For individuals, the obligation to file personal income tax arises if their income exceeds a certain threshold. The tax laws and regulations in Cambodia require individuals who earn a monthly income of 4 million riels (approximately $1,000) or more to file their taxes annually. This includes both Cambodian nationals and foreign workers who earn income in Cambodia, such as expatriates and other non-Cambodian residents.

The tax laws and regulations in Cambodia mandate that businesses, regardless of size or revenue, file their taxes. The net profits of businesses are subject to corporate income tax, with a tax rate of 20%. All businesses operating in Cambodia, whether they are local or foreign-owned, must register for tax purposes with the General Department of Taxation (GDT) and file their tax returns on a yearly basis. Furthermore, the tax laws and regulations in Cambodia mandate that businesses pay a minimum tax of 1% of their annual gross revenue, regardless of their profitability.

When to File Taxes in Cambodia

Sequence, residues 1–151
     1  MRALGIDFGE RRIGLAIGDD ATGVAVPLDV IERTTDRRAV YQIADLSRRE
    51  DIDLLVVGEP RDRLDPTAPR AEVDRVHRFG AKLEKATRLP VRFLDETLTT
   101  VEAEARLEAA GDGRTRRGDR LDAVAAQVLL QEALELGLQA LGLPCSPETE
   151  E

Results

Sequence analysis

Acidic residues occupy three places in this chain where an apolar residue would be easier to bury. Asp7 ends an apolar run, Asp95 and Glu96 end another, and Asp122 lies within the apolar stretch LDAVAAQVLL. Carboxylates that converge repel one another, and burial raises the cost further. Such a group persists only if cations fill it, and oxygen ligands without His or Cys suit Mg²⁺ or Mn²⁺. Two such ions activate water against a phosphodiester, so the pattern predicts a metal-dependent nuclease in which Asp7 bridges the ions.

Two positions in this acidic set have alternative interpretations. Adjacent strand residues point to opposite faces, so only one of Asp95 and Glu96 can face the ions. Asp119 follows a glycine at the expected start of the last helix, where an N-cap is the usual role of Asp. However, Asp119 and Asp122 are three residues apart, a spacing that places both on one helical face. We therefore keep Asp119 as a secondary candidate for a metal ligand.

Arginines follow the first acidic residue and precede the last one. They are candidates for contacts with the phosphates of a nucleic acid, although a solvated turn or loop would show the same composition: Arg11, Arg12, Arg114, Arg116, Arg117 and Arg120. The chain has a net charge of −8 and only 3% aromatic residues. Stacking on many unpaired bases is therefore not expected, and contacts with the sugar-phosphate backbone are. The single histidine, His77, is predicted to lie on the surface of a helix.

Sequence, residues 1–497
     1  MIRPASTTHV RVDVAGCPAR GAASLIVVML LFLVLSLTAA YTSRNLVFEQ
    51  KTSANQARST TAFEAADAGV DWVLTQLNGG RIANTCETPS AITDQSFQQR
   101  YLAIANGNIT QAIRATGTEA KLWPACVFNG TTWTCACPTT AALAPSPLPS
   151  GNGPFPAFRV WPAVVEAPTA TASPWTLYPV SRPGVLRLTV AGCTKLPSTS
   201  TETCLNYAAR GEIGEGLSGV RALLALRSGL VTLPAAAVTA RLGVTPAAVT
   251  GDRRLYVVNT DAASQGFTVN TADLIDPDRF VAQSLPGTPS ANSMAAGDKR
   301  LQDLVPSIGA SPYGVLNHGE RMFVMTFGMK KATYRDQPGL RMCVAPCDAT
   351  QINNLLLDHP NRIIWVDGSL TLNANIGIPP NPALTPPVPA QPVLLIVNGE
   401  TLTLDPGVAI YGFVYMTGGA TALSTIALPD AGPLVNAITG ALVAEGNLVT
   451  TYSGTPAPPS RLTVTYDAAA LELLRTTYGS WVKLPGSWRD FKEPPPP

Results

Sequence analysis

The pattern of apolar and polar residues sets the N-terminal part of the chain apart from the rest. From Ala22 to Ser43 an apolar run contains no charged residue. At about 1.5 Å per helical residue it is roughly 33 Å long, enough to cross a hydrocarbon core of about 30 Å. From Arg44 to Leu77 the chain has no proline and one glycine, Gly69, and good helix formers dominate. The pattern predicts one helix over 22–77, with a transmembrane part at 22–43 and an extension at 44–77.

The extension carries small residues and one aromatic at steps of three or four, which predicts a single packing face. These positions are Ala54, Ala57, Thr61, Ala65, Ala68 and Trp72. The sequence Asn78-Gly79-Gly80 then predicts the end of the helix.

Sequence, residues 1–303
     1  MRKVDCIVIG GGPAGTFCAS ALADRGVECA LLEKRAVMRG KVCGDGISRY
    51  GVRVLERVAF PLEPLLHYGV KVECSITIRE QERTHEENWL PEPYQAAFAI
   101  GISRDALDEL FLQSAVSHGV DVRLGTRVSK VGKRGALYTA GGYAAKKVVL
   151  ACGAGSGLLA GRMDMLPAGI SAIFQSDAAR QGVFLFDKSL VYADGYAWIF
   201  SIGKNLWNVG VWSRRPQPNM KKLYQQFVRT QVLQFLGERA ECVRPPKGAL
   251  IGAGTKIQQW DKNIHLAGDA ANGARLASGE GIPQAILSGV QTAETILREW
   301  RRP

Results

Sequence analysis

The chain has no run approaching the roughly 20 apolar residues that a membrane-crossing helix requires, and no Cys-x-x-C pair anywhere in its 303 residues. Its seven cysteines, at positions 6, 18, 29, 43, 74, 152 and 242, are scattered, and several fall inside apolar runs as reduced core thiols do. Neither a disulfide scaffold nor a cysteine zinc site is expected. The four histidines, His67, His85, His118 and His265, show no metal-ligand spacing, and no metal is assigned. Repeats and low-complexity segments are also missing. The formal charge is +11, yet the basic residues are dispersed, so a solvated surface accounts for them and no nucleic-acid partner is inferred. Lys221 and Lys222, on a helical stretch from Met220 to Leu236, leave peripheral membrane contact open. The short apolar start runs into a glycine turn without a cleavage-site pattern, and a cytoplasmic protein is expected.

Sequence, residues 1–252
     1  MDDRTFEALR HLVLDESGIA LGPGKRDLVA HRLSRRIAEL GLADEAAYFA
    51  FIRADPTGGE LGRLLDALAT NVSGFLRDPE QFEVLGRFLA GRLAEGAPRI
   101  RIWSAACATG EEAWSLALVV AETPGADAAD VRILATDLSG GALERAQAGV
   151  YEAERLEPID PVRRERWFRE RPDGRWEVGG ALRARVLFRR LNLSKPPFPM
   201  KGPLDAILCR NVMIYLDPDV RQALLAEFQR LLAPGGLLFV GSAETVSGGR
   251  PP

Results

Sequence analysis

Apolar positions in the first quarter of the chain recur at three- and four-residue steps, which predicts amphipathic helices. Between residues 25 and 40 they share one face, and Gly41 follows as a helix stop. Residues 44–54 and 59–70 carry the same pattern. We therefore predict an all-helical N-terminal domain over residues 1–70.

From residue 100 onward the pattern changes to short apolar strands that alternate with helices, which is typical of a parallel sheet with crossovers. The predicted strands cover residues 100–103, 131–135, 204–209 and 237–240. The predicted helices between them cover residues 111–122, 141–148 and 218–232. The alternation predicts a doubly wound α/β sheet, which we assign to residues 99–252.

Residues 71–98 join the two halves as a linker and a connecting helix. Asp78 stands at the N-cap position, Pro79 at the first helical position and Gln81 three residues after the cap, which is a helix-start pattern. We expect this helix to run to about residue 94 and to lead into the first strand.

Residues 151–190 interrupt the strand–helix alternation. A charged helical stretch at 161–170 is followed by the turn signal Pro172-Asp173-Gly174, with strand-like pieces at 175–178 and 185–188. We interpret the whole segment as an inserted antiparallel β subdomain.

The tax laws and regulations in Cambodia require taxpayers to file their taxes annually.

Cambodia’s tax year runs from January 1 to December 31, with taxes due by March 31.

Businesses and individuals must submit their tax returns to the General Department of Taxation (GDT) by the deadline to avoid penalties and interest. Taxpayers who cannot file by the deadline may request an extension from the GDT, which may incur fees.

Cambodian tax laws and regulations might change; therefore, taxpayers must be informed of any changes that may affect them. We encourage taxpayers to seek professional advice to ensure compliance with all tax laws and regulations.

How to File Taxes in Cambodia

You can file taxes in Cambodia online or in person at the tax department. To file online, you will need to register for an account on the General Department of Taxation (GDT) website. Once you have registered, you will be able to access the online tax filing system and complete your tax return.

File in person with your tax identification number (TIN), a copy of your job contract, and any other relevant documents. The tax department staff will help you complete your tax return and file it.

Deductions and Credits in Cambodia

There are a few deductions and credits that taxpayers in Cambodia can claim on their tax returns. These include: